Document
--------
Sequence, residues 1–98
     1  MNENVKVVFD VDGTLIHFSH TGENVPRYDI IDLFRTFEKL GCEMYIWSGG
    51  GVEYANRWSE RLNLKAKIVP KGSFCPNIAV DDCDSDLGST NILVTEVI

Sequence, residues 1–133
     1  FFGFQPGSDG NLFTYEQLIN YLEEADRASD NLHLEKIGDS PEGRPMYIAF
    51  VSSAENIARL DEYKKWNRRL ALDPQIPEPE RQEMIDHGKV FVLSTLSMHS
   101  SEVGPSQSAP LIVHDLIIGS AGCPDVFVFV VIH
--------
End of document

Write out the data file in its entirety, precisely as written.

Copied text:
Sequence, residues 1–98
     1  MNENVKVVFD VDGTLIHFSH TGENVPRYDI IDLFRTFEKL GCEMYIWSGG
    51  GVEYANRWSE RLNLKAKIVP KGSFCPNIAV DDCDSDLGST NILVTEVI

Sequence, residues 1–133
     1  FFGFQPGSDG NLFTYEQLIN YLEEADRASD NLHLEKIGDS PEGRPMYIAF
    51  VSSAENIARL DEYKKWNRRL ALDPQIPEPE RQEMIDHGKV FVLSTLSMHS
   101  SEVGPSQSAP LIVHDLIIGS AGCPDVFVFV VIH